The saddest story I know
From Paper and Dust, a short story by Lance Mannion:
On Saturdays Gogarty's wife helped out in the store. Customers liked Margaret. Not that they did a booming walk-in trade, but those customers who did wander in to buy a pen or a pad of paper would hang around after making their purchases to talk. Men especially. Leaning on the glass countertop, fogging it, smudging it with their fingerprints, they would stand there forever, flirting with Margaret.
They sold from the highest and lowest shelves on Saturdays. The silver and gold-plated pen and pencil sets in the bottom of the glass cabinet were as popular on any Saturday as they were at Christmas and graduation time. The red ink stamp pads on the top of the tall shelves behind the counter became essential in a way they never were during the week when they accumulated the dust that Margaret blew off their lids when she climbed the step ladder to reach them.
"Anything else for you this morning?"
"How much for the White-out, Margaret?"
Margaret would squat down behind the counter, giving the customer a clean view through the glass down her freckled cleavage.
"I could use some butterfly clips, Maggie, the number two size."
And up she'd go on the ladder again. To reach the highest shelves she had to stand on tip-toe, coming out of her shoes, her legs on display.
Gogarty didn't like this only because it reminded him that the bloom was not yet off his wife. She had begun to use a rinse on her hair and the stylish oversized frames of her glasses hid the lines around her eyes, but she still had her figure and those fine slender legs. Gogarty told her that he didn't like to have strangers keeping her from her work.
"What's there to do, Vin?" she'd ask, not sniping, not intending to remind him of the store's meager business, but actually asking him to assign her a task. She'd always been the busy one. As soon as Vince, Jr. was old enough for school, she'd gone to work in the Cambridge City Hall as a secretary to her sister's husband's brother, the city planner. She had asked to come to work in the store and was hurt that Gogarty hadn't wanted her to. "Don't I have enough people sitting around on their thumbs all day?" he'd said, but in those days he hadn't been able to hire help fast enough to keep up with all the orders and an extra pair of hands should have been welcome.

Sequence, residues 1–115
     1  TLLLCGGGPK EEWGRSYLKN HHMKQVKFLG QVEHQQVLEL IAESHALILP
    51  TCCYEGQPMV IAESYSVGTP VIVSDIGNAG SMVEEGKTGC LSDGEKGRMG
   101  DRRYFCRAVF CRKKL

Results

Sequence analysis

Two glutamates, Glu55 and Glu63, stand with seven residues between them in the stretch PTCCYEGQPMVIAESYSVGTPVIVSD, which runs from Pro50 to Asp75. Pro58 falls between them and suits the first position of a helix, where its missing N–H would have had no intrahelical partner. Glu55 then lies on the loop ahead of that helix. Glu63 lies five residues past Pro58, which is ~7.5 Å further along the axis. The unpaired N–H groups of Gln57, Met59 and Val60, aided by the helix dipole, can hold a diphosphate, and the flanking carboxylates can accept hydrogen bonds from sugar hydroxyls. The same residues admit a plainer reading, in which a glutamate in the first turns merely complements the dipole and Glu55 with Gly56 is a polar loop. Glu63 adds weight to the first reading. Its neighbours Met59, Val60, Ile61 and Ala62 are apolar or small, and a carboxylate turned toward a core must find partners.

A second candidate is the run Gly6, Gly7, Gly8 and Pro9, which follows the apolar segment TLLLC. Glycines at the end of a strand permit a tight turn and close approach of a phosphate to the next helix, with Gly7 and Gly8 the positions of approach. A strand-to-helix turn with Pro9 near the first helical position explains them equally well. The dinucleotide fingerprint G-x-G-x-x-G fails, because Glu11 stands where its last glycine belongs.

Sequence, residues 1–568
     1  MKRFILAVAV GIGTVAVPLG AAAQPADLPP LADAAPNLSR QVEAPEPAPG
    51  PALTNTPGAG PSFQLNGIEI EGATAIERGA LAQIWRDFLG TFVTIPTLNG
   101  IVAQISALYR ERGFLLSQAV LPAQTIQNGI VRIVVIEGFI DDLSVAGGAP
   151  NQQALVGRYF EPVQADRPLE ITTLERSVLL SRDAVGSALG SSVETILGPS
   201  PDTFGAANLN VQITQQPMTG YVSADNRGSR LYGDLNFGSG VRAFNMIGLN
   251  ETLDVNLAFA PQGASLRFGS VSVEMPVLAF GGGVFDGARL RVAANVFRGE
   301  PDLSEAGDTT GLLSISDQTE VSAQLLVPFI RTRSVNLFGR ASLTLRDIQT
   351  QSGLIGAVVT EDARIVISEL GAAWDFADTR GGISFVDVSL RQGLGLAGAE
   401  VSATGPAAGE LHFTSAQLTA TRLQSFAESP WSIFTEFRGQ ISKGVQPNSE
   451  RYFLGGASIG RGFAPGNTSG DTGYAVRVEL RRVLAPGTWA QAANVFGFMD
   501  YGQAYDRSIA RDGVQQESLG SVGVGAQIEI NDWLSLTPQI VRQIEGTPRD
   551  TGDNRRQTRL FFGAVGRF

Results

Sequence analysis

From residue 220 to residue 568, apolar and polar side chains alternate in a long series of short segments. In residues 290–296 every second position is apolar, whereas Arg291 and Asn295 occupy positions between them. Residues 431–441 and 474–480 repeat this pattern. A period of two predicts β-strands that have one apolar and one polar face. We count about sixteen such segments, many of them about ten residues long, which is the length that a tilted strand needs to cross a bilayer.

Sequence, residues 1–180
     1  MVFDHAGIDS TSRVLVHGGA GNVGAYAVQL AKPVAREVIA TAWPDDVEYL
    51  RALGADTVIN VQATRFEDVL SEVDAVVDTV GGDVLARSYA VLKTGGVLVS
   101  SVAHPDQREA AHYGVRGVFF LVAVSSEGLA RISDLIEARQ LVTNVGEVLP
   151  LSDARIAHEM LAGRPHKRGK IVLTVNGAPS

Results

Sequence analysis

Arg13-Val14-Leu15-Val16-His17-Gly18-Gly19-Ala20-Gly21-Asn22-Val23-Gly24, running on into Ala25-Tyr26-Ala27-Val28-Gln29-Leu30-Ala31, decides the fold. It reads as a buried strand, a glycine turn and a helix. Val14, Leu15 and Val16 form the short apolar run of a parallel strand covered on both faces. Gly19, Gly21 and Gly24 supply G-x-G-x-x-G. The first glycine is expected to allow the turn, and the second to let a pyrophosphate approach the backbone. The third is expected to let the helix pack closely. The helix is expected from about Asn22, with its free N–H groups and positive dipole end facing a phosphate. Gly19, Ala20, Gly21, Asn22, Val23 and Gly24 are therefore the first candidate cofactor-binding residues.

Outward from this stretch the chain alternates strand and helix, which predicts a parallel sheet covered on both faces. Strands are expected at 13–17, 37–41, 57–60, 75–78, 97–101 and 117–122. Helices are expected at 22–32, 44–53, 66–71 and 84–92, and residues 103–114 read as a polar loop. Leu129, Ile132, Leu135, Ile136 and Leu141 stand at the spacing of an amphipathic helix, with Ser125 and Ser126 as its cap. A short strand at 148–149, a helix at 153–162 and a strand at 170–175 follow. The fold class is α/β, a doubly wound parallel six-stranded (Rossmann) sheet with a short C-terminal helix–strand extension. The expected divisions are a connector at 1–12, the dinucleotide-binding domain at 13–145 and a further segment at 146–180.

So she'd started coming in on Saturdays to do the typing and handle the correspondence. She typed up the invoices, sent off the orders to distributors and suppliers, and when she finished that she gave herself little chores to do, even when Gogarty said she was in the way, so that on Monday mornings Gogarty would find some trivial attempt by Margaret to brighten up the place---geometric stacks of pencil leads on the counter; rainbow fans of pocket folders in the window; flowers on his desk. Gogarty felt as though Margaret was going behind his back, doing these things. Of course, anything she did these days had to be behind his back, since that was the part of him he most often showed her. He avoided her, routinely spending all day in the stockroom where she was too dainty to follow. Still, he told her to ask before she put up her cheery little signs advertising The PERFECT Graduation Gift!!! and The Finest in Leather-bound Date Books.
"She just wants to feel needed, Dad," his son would say when he complained.
"Chowdah-head," Gogarty would mutter, taking care not to be overheard, although not really caring if he was.
Gogarty's Stationery and Office Supply. On Causeway Street, under the elevated tracks of the Green Line. Dust on the window. Dust on the shelves. Dust on the stock in back. Old orange pasteboard account books stacked up to the ceiling, the record of thirty years of business, twenty-seven at the same location. Stanbart Stationers. Bart and Vin's Office Supply. Tighe and Gogarty Co. Gogarty, solus. Fat times and lean times and leaner recently. All of it gathering dust.
From his desk Gogarty could survey the whole store, a long high-ceilinged shoebox of a place, and the view was like peering down a long trough of shadow and dust. The office was separated from the shop floor by a wooden rail and a flight of three stairs. Over the narrow aisles long fluorescent lamps of insufficient wattage quivered and shivered suspended from shaky pipes that carried and magnified the vibrations of trains clattering down the tracks. When a trolley rolled by, the lamps cried dust.
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